Bergman Island, 2004
Persona ( 1966 )
My words mean nothing to you. People like you can’t be reached. I wonder whether your madness isn’t the worst kind. You act healthy, act it so well that everyone believes you… everyone except me, because I know how rotten you are.
Not doing, just being. Aware and watchful every second. And at the same time the abyss between what you are for others and what you are for yourself. The feeling of dizziness and the continual burning need to be unmasked. At last to be seen through, reduced, perhaps extinguished. Every tone of voice a lie, an act of treason. Every gesture false. Every smile a grimace. The role of wife, the role of friend, the roles of mother and mistress, which is worst? Which has tortured you most? Playing the actress with the interesting face? Keeping all the pieces together with an iron hand and getting them to fit? Where did it break? Where did you fail? You were left with your demand for truth and your disgust. Kill yourself? No—too nasty, not to be done. But you could be immobile. You can keep quiet. Then at least you’re not lying.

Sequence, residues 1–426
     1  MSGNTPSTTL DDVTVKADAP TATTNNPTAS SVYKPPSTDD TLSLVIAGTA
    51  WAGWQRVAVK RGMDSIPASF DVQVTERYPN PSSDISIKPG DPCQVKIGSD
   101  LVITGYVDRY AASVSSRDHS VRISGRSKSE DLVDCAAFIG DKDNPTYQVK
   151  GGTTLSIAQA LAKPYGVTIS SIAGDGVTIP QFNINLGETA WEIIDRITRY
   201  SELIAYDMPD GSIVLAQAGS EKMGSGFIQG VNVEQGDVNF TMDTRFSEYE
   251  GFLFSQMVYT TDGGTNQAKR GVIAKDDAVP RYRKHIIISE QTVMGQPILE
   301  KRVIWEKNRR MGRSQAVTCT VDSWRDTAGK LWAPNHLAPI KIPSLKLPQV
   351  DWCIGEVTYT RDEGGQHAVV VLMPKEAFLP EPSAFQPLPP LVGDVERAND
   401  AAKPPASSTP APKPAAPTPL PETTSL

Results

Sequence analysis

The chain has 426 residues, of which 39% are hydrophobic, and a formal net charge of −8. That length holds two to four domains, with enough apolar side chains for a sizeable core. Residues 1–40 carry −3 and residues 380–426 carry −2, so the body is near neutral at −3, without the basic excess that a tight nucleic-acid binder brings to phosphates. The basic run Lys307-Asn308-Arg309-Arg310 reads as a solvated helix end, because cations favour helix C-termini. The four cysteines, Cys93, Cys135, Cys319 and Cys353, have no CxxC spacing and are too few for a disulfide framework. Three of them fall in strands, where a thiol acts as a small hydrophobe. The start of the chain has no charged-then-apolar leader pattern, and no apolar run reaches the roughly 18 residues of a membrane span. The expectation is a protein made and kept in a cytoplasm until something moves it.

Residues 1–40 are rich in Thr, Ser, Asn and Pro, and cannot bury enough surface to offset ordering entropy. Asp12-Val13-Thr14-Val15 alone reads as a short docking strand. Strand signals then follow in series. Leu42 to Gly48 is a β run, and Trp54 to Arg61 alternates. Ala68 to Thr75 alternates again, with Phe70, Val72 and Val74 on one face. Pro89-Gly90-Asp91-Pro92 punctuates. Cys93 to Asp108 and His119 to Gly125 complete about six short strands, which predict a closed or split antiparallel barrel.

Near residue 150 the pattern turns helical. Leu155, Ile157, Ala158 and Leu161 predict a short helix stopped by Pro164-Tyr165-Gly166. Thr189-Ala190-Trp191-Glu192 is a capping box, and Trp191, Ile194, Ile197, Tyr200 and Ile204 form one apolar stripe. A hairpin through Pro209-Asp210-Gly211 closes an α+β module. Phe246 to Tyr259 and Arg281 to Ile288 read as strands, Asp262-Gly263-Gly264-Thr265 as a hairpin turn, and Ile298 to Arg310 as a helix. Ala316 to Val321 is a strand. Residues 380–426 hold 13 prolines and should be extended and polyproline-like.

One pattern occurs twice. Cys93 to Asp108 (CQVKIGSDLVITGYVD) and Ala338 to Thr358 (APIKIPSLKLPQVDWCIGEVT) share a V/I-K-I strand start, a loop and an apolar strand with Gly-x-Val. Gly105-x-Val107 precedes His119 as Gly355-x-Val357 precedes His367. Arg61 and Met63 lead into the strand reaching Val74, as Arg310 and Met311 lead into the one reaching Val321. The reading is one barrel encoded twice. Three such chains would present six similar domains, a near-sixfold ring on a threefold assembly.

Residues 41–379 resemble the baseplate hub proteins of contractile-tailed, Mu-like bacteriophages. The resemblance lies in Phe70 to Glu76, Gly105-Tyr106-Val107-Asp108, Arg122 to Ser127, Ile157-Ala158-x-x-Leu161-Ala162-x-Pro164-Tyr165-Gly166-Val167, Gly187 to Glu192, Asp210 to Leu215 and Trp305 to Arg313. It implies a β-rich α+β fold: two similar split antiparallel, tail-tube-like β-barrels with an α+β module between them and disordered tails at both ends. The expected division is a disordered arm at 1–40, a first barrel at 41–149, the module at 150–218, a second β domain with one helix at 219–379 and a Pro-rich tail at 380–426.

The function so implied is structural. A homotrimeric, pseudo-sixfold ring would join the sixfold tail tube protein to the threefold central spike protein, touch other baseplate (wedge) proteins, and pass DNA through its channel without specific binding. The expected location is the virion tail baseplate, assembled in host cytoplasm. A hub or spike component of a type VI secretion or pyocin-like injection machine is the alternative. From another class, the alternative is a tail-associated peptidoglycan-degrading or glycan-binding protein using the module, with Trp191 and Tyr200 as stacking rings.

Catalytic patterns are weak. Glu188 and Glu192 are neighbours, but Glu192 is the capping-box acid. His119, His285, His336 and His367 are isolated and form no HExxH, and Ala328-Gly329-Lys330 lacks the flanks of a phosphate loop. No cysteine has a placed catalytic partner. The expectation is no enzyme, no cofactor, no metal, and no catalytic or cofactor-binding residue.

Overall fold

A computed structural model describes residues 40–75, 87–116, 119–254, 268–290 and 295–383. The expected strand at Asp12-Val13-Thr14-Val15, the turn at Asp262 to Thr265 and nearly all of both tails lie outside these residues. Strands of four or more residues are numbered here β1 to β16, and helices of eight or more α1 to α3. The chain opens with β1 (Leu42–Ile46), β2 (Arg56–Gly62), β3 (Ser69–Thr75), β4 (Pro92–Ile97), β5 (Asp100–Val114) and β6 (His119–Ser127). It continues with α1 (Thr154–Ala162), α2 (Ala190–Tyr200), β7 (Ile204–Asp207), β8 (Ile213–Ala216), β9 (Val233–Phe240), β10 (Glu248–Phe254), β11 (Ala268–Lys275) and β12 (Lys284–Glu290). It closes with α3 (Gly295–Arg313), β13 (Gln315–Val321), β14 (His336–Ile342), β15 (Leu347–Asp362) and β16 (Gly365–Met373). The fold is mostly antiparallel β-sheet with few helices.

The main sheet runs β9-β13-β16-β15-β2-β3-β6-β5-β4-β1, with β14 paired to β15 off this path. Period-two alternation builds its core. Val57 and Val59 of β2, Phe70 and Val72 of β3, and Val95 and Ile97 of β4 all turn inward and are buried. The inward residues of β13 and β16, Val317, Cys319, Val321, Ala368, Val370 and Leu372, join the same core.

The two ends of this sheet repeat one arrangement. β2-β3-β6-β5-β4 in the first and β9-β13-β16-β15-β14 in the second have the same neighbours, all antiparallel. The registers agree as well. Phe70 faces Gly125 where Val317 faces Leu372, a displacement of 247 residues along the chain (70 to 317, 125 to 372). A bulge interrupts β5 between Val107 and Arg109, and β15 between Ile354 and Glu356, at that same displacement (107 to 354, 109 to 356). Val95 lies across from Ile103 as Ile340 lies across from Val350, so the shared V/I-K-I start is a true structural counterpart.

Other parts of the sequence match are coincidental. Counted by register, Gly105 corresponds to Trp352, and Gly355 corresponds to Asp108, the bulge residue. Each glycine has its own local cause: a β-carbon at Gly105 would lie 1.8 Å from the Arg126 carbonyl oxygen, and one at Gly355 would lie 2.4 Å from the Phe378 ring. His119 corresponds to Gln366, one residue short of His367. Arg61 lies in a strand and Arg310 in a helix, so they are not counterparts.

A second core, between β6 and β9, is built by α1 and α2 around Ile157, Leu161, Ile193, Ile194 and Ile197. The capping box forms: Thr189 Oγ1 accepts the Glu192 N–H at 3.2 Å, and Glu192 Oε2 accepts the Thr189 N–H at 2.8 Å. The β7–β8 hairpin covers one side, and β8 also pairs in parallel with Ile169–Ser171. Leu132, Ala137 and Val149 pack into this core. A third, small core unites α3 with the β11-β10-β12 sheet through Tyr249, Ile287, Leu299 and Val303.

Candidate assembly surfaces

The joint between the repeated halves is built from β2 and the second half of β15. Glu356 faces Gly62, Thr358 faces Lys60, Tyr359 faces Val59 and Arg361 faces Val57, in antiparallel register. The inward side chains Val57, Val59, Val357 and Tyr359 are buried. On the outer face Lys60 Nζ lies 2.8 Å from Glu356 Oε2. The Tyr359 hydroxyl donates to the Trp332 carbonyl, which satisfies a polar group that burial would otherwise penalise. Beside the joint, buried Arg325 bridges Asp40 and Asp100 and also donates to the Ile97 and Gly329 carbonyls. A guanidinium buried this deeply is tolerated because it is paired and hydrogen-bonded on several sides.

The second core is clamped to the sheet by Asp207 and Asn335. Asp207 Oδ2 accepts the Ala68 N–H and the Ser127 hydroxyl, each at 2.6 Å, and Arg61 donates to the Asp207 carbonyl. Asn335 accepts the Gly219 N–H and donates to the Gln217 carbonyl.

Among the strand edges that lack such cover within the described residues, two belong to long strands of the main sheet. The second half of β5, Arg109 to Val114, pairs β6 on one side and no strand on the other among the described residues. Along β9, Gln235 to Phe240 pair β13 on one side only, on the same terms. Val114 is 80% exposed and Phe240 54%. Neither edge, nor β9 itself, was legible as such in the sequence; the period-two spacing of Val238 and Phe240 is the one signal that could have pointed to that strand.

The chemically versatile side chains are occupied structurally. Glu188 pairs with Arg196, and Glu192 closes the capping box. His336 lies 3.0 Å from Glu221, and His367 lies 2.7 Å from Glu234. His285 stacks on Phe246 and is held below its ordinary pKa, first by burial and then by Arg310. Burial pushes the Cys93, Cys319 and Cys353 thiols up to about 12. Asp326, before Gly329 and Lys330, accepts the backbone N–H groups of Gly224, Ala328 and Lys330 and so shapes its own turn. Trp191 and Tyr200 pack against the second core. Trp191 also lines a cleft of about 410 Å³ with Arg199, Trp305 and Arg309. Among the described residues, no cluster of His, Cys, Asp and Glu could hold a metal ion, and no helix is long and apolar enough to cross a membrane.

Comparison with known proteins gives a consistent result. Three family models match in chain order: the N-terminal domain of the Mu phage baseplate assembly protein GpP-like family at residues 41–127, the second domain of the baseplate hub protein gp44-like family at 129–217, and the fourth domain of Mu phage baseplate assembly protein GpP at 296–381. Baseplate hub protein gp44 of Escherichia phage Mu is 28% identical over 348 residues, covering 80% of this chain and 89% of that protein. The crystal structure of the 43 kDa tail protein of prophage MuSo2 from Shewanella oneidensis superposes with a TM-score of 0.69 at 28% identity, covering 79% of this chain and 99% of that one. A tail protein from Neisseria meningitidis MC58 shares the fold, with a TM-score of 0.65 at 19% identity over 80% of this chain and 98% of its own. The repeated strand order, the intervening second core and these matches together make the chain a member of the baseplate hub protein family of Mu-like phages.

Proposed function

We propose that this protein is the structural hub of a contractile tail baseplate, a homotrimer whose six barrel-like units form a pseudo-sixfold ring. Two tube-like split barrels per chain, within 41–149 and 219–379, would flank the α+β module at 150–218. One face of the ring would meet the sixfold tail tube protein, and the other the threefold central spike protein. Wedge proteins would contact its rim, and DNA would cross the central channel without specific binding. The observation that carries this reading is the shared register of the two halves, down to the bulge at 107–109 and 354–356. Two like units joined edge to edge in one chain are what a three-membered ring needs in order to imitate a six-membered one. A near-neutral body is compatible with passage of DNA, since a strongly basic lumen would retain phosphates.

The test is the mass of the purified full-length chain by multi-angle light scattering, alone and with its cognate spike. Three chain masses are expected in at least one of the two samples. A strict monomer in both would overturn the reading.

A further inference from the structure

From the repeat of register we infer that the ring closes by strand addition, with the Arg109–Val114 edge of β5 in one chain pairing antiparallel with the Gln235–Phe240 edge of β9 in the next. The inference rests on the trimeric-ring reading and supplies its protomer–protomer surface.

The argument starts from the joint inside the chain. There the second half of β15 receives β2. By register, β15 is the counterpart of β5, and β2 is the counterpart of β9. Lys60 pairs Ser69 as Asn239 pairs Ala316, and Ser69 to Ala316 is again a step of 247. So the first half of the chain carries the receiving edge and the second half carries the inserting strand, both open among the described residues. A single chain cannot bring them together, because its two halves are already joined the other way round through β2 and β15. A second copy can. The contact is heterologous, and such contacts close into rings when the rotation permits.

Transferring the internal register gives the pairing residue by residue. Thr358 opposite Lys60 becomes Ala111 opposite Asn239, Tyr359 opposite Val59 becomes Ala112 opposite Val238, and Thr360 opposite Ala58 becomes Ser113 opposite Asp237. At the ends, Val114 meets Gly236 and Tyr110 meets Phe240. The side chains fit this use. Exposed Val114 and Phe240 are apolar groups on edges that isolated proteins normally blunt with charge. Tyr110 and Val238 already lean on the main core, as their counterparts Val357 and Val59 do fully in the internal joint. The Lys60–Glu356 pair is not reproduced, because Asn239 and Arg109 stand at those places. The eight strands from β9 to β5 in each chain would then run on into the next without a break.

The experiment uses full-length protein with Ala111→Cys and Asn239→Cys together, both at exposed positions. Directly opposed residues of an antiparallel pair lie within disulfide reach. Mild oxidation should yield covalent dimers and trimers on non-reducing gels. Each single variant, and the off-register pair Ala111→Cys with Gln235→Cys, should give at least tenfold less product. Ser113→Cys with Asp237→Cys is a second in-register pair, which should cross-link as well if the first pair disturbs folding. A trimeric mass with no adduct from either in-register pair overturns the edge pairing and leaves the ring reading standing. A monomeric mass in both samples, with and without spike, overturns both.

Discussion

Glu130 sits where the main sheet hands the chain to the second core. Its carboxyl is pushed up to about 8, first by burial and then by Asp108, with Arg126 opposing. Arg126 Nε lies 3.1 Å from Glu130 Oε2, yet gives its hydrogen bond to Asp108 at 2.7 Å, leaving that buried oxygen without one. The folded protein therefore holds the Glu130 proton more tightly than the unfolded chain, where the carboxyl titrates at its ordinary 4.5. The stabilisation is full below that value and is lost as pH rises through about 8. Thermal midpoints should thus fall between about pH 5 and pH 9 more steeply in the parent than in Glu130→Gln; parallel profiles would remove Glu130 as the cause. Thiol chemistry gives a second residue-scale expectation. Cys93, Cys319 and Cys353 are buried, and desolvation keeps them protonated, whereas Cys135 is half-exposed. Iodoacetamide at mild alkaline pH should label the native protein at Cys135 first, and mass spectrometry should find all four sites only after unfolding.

Persona, Ingmar Bergman (1966)
Liv Ullmann and Ingmar Bergman are the subjects of former architect Dheeraj Akolkar’s documentary Liv & Ingmar, produced by the Norwegian company NordicStories and to be distributed by Sweden’s Svensk Filmindustri. After meeting in 1965, Ullmann and Bergman made ten (narrative) films together; they were also off-screen companions for five years.
Port of Call